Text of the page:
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Amp Model or Tone - What's Important to You?


Power User
For as long as I've been on this forum, I've seen a lot of guys who seem to focus on the specific amp models in the Axe-Fx more than they do the tones they get out of this magic black box. I see guys trying to copy a famous guitarist's sound by using the model of the same amp the artist uses - even duplicating the knob settings in their quest to sound just like their guitar hero. Or guys who spend days/weeks/months trying to get the FrickenFracker XRM69 model in their Axe-Fx to sound just like the real FrickenFracker XRM69 they played at their buddy's house 7 years ago. (Or some YouTube video they saw once.) Or guys who are ashamed to admit they really like the HeeberJeeber models, because they play some other genre of music where HeeberJeebers are generally looked down upon. (A HeeberJeeber for death metal? Ha!)

Personally, I don't have a ton of experience with all the various real-world tube amps, especially the esoteric boutique amps. I grew up with a Fender Deluxe Reverb and a Music Man 65 watt 210 combo running into a Music Man 412 cab. I did use a Marshall once in the studio 30 years ago, but for the most part I'm inexperienced when it comes to the differences between the various amps (and therefore models). I play in a cover band, and I try to get tones that resemble the tones on the recordings of the songs we cover. Not necessarily match exactly, but at least capture the feel. When I'm creating a new preset, I'll start with a general idea of what I want (clean, crunchy, open back combo, closed cab, etc., but I don't pay any attention to what amps, speakers, or specific effect boxes the original artist used. I just click through the list of applicable amp and cab models until I find something that comes close to the sound I'm looking for. Then I'll tweak the basic controls until I'm happy with the sound. And if I can't find the sound I'm looking for after 5 or 10 minutes, I'll move on to another amp or cab. Sometimes I'll be an amp for one style that generally isn't used for that style. (A Marshall model for twangy stuff, or a Fender model for very distorted stuff.) I'm sure my tone isn't an exact match to the recording, but I'm happy, my bandmates are happy, and the audience seems to be happy. (I get compliments on my tone at virtually every show.) I don't pick an amp model just so I can tell my friends "On that song I use a model of super-rare Glockenspieler that was once owned by Eric Johnson himself." I pick it because I like the way it sounds.

So my question...how many of you focus on the specific amp/speaker models, and stay with the same combination your heroes use come hell or high water, and now many of you are agnostic when it comes to the specific brands the models are emulating, just finding combinations of amp and IRs that sound good to you?

I'm not saying one way is more "right" than the other...different strokes for different folks and all that. Plus, how someone else approaches their tone quest really doesn't affect me one bit. (One of the beauties of the Fractal products is that they allow so many different paths to the same goals.) And I'm not trolling here, I'm just genuinely curious.

tl;dr - Are you more obsessed with the models or the tones?


Tone is way more important.
I retract all my past wishes for Fractal to add more amps (except maybe bass amps), and instead wish they'd focus on performance and new features.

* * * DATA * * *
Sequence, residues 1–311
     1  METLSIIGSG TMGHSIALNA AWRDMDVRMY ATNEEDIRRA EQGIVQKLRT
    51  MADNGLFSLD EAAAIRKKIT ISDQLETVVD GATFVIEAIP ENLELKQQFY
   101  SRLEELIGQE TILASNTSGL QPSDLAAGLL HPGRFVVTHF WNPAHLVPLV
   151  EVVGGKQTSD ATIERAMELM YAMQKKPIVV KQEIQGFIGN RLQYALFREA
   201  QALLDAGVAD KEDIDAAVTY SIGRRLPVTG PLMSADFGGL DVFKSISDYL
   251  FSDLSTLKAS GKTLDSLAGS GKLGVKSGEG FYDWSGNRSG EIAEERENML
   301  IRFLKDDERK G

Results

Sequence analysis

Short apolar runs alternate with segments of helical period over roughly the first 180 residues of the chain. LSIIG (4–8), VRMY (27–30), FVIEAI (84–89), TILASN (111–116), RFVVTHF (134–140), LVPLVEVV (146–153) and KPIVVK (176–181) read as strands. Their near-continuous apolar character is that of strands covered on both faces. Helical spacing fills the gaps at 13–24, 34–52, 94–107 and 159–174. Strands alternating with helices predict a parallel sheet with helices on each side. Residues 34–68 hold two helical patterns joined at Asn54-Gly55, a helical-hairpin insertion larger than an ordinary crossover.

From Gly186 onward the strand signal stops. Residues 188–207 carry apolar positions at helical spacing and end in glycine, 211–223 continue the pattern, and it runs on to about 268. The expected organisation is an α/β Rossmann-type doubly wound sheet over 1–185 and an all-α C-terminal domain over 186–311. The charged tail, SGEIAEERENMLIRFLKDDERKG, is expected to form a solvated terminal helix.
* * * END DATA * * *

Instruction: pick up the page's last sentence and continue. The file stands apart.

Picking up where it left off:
I am however, guilty of pretty much always going for cabs with v30's because I like the sound pretty reliably.


The tones are the entire reason that I bought this thing, and it hasn't let me down. I've explored the models of amps I've never played through just to hear what they sound like, and had fun trying to recreate tones from artists that I know, but that hasn't been my primary aim at all. I've tried every amp in the box but haven't had time to tweak them all extensively yet, and that's fine. I've found the handful of amp models that I really like to use and it's saved me thousands of dollars and the good will of my wife and neighbors when I'm playing at home. It doesn't bother me at all if I get something that sounds Gilmour using some amp model that's not a Hi-watt, and was pleasantly surprised to discover that I could get a delicious ODS HRM type tone from a FAS Boost into a FAS Hot Rod amp model into a stereo cab block loaded with factory Tweed cabs (Blue and Deluxe incidentally). Who knew? I haven't found anything yet that gives me glorious cleans better than the Deluxe Verb, but I won't be disappointed if I do.



I gravitate towards the Plexi's (and all it's variants.)

I scoff at the concept of trying to match by finding the 197* version of the amp that was modded by the guy who had 2 White Russians, and spilled a bit of that on his south London germanium on the transformer...oh, while the humidity level was 49% and wind blowing from the east.

Pick an amp, spend more time picking the cab that's close. If you have to work it for more that 5 minutes, move on to another option.

The model gets me in the ballpark. I keep my mind open for things that *may* work, but in the end, I end up with variants and a few ones that are predecessors (the Bassman can ROCK if you let it...going with the Plexi theme). The SmallBox is absolutely killing it for me right now.

You really don't lose if you are obsessed with models...but as with everything, you'll have to work to get them to fit that tone in your mind. When you start to let that go, and find a few things on the fringe, you find magic...IMO.


Power User
Got a marshal 65r valve state 1x12 combo in 1997 (sold it in 2012 when I realised all I was doing was using Guitar Rig)
So I've never owned a proper amp IMO. Part of the promise of buying the Axe is that it sounds and reacts just like the real thing so it's only logical to look at what your heroes are using and go from there.

Guilty as charged though. I've spent countless hours zooming in on videos and copying settings from live performances and get IRs that match the microphone used and it's general position. It's ended in nothing but failure but that's part of the journey.